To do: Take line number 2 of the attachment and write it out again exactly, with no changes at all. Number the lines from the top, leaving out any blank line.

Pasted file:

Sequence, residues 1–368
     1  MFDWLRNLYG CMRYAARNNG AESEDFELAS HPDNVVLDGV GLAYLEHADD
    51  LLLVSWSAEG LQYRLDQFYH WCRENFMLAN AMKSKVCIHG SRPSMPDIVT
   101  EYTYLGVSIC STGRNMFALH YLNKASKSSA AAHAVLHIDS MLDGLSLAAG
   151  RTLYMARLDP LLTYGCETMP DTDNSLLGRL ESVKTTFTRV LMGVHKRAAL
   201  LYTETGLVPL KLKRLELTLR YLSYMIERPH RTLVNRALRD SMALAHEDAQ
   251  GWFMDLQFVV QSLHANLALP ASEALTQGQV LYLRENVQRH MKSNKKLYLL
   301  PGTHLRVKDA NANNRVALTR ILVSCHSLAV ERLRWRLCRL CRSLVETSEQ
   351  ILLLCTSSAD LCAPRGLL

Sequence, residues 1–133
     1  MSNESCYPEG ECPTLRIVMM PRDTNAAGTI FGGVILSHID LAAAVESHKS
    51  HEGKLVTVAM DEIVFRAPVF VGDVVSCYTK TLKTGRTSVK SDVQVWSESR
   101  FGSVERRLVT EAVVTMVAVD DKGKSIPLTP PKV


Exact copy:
     1  MFDWLRNLYG CMRYAARNNG AESEDFELAS HPDNVVLDGV GLAYLEHADD